While this analysis is great, it's only so useful from this higher-level. To really understand which areas of each positions are likely to be better investments, we need to dive deeper into the data and double-click into buckets of investment. In this case, I looked at the same things above but from the perspective of differing draft costs: $1-10, $11-20, and $21+ for each position.


Going back to Rudy Gamble's point, league winners earn meaningful value from their top picks, even if at just a break-even basis. After all, if you're "hitting" on $1 Aaron Judge's and/or $1 Luis Severino's and adding those to a productive core of break-even larger investment players, you're suddenly looking at a much more dangerous team than if those Judge or Severino hits are merely making up for costly early investments. That begs the question: where should we be investing if we want to return value? I can't answer that question without being able to predict the future [insert obligatory comment of "at which point, I wouldn't be writing this"], but perhaps we can look at past data to give us some clues:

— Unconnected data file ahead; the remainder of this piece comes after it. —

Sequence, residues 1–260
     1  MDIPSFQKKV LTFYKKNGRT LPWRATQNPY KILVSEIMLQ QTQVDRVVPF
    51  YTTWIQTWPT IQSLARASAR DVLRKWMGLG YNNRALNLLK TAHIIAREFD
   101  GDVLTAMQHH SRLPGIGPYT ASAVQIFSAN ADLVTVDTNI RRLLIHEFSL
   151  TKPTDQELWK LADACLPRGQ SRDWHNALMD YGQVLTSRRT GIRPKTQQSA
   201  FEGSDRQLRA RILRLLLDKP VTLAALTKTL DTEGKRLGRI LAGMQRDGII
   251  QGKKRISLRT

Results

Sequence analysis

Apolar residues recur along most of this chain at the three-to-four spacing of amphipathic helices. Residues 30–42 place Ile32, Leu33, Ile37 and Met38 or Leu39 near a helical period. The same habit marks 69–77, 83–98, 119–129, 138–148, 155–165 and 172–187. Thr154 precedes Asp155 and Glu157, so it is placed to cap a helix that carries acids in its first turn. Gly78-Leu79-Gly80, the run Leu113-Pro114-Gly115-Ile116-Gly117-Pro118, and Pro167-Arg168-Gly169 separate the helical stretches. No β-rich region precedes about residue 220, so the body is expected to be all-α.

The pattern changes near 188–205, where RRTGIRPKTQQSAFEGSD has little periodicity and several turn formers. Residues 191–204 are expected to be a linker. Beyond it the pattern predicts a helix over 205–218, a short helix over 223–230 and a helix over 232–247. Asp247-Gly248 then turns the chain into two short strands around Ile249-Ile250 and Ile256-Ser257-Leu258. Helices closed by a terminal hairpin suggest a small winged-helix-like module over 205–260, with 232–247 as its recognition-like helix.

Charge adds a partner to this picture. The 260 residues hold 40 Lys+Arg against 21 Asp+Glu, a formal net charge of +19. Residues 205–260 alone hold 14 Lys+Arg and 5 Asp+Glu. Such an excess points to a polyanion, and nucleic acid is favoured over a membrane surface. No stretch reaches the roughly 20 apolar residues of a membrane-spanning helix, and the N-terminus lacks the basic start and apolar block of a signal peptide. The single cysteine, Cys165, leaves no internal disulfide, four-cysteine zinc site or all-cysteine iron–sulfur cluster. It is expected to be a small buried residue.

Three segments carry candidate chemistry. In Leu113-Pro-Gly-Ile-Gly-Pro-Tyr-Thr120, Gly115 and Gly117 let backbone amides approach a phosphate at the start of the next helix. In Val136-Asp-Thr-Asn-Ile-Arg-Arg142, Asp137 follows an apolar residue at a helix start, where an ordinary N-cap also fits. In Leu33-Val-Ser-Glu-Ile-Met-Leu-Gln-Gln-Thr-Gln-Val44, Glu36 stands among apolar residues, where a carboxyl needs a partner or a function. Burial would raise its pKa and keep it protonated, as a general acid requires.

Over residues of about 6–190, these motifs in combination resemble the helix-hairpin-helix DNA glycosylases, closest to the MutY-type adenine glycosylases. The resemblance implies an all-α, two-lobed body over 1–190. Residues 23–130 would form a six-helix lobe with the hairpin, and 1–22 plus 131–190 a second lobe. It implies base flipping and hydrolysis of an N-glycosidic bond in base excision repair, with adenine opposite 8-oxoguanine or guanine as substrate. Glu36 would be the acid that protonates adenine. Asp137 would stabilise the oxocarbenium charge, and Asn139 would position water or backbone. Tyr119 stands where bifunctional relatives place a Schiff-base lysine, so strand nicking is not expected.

Position Analysis, $21+ Draft-Day Cost, 2015-2017
Position Total Total % > B/E > $10 Equity > $20 Equity Bust
1B 25 36% 60% 32% 16% 12%
2B 15 26% 53% 27% 13% 20%
3B 13 23% 31% 15% 15% 31%
C 4 5% 50% 25% 25% 50%
OF 50 25% 30% 16% 6% 40%
SS 10 18% 10% 0% 0% 80%
SP 53 25% 28% 13% 6% 45%
RP 2 2% 0% 0% 0% 0%
Batting 117 23% 38% 20% 10% 34%
Pitching 55 18% 27% 13% 5% 44%

In the table above, we're only looking at players that cost at least $21 on draft day. You'll notice that C and RP have particularly small samples (only 4 and 2 players drafted, respectively). Also of note, in this case, I'm calling anyone a bust who didn't return at least 50% of their value (i.e., if a player drafted for $30 doesn't return at least $15, they are deemed a bust). For what it's worth, the bust rates on a relative basis didn't materially change even as they were adjusted to, say, minimum 30% returned.